Securing Settlement Funds – Advice from a Le Mesa Personal Injury Attorney
Being involved in a collision or incident can be traumatic for a child. From nursing your injuries, to dealing with possible anxiety caused by the incident, children are not as equipped as adults to deal with outside stressors. Compensating the child is one solution the courts have used to ease the burden, however, once the minor’s compromise has been approved and the settlement papers have been finalized, an account is required to hold the settlement funds.
The parents or legal guardian of the children have multiple accounts they may choose to hold the settlement funds. Most accounts are set up to protect the money from any ill-intentioned persons and garner interest over a period of time. While every account is meant to protect the settlement funds, you should weigh the pros and cons of each account before choosing one.
A blocked account used in connection with a minor’s personal injury settlement is a bank account approved by a court. It does not allow access to funds until the minor turns eighteen-years-old or a court order to release the funds is granted. Blocked accounts are a great solution for protecting settlement funds from being touched before the child turns eighteen. However, blocked accounts can create barriers when the minor turns eighteen, as the account has to be unblocked. Additionally, if there is an emergency and the minor would like to access the funds early, the family would have to petition the court to withdraw funds. Blocked accounts also do not have the best interest rates, a point of contention for some, as one of the goals of protecting the funds from abuse is to help it grow as it sits idly in an account.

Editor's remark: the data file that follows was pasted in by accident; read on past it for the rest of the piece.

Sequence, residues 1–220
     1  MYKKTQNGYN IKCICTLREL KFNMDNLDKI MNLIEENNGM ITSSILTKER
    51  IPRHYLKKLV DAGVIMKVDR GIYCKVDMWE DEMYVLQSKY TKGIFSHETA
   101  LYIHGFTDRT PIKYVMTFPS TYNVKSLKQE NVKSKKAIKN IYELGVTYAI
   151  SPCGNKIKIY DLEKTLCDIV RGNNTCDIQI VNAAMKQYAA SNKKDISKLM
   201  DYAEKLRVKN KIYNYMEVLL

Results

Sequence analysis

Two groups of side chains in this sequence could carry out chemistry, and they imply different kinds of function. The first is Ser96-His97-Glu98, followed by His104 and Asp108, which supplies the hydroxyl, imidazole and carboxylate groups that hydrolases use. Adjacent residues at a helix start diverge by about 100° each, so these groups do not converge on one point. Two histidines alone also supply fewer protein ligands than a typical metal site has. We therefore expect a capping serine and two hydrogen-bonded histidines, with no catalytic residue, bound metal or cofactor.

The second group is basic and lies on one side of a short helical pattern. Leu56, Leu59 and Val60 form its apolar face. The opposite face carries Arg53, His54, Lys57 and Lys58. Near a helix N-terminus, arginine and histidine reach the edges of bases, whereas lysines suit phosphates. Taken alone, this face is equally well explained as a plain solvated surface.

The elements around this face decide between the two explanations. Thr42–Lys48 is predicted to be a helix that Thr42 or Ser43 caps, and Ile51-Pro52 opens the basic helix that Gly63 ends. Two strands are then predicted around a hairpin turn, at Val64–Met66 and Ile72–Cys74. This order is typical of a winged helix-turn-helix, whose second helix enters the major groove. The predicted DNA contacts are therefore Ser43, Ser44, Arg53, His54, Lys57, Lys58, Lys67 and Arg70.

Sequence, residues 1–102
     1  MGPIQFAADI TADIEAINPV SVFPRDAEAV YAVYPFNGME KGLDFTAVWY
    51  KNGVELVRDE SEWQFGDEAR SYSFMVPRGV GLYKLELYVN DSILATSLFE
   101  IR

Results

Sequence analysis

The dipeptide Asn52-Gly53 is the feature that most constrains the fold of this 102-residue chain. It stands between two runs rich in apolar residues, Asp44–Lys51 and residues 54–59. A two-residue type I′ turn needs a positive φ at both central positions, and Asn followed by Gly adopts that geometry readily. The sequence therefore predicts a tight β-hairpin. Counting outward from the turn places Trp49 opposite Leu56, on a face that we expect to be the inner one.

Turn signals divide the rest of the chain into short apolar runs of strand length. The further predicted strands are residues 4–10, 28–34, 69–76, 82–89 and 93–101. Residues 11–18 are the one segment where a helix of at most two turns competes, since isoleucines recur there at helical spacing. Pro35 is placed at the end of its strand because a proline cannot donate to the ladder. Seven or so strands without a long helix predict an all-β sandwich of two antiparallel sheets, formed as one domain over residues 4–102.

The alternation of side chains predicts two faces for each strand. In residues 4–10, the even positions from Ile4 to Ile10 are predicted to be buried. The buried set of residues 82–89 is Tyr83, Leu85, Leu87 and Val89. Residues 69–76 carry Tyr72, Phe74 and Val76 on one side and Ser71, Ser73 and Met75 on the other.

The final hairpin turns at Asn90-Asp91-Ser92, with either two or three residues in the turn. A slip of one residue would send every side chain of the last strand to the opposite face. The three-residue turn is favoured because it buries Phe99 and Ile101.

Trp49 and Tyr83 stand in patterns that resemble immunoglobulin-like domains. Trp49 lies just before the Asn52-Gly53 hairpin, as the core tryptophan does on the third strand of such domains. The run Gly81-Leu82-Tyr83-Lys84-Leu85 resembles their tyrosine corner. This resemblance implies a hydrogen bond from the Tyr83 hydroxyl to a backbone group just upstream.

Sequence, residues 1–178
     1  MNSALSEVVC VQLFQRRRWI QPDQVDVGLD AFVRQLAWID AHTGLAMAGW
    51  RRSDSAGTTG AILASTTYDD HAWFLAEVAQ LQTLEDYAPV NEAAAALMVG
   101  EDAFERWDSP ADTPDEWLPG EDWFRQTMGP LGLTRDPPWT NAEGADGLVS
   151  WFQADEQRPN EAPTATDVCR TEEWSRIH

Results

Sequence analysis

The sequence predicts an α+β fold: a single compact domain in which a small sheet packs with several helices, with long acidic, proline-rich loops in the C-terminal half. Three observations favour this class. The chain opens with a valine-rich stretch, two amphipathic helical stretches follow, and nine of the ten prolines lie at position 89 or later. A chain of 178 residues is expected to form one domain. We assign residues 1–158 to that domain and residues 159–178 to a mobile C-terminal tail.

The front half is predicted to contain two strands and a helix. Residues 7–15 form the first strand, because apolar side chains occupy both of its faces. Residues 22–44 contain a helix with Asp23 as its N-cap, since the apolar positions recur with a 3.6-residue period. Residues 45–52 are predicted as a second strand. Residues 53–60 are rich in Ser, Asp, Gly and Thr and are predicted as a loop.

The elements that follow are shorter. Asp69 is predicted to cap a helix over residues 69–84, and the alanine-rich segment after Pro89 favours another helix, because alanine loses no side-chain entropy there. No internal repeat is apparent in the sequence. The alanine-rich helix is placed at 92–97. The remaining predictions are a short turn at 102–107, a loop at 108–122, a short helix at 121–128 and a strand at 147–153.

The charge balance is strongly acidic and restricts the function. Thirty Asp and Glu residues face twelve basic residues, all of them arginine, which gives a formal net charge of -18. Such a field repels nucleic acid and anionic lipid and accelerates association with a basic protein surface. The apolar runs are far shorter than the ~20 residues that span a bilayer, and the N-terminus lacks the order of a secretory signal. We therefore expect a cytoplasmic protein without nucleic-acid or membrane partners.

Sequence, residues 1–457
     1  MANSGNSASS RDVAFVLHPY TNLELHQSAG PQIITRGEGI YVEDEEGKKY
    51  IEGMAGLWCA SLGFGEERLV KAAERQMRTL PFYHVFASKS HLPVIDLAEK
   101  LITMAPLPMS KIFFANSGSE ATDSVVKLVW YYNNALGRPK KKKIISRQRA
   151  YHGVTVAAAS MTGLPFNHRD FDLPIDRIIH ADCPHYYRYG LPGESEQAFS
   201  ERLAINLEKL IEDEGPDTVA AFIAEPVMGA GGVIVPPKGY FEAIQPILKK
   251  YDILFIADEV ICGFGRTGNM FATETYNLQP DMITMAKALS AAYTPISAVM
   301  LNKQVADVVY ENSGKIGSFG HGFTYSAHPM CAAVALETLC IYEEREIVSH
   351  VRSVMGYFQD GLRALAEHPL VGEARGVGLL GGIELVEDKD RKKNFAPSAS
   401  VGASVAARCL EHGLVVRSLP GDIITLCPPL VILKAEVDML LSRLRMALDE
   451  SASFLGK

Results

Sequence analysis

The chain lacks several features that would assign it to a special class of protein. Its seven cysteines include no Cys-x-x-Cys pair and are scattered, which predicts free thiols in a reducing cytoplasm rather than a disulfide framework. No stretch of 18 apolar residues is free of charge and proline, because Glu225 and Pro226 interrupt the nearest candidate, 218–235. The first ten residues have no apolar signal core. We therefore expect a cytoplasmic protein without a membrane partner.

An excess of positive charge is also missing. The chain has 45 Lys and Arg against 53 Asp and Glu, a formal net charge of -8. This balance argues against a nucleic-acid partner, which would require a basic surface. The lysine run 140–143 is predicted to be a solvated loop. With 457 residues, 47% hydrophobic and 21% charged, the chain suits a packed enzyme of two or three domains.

Another account to consider is a structured settlement. Structured settlements are tax-advantaged and do “not require maintenance fees.[i]” Structured settlements can be accessed before a minor reaches the age of eighteen, however, only to meet the minor’s needs. These needs are laid out during the creation of the structured settlement, thus, if you do not anticipate all of your child’s needs you may not gain access to the money, as the account is protected until your child turns eighteen.
There are numerous accounts you should consider before selecting one. You can set up a trust in your child’s name or create a 529 plan. A trust offers more flexibility than other accounts and requires a conservator to manage it, while a 529 plan is a “tax-advantaged[ii]” account created by the IRS that is meant solely for educational purposes. However, if the 529 plan is used for anything other than educational purposes a “penalty” may be applied. The courts normally do not release money from a settlement to the parents or legal guardians of a child because the money is seen as solely the child’s, so, when choosing an account for your child, make sure the account fits your child’s long-term needs. Selecting an account at random may bear a heavy burden further down the line.
Securing a strong financial future by choosing an account for your child is important, but the research in choosing the right account can be tedious. If you have any questions regarding depositing money into a blocked account or a structured settlement, the attorneys at Acclaim Law Group will help address your questions. Call (858) 252-0781 to set up a free consultation.
Disclaimer: While we always seek to establish accuracy when publishing articles, this piece is not intended to provide legal advice and should not be used as such. Each individual case will differ and should be discussed with an attorney or legal expert. If you would like to inquire about pursuing a claim, please contact a personal injury lawyer San Diego at (858) 252-0781 or email firstname.lastname@example.org
[i] Ritchie, A. (n.d.). Structured Settlement for Minors . Retrieved from Annuity.org: https://www.annuity.org/structured-settlements/minors/
[ii] Cooper, M. B. (2017). A Minor Compromise. Retrieved from plaintiffmagazine.com: https://www.plaintiffmagazine.com/item/a-minor-compromise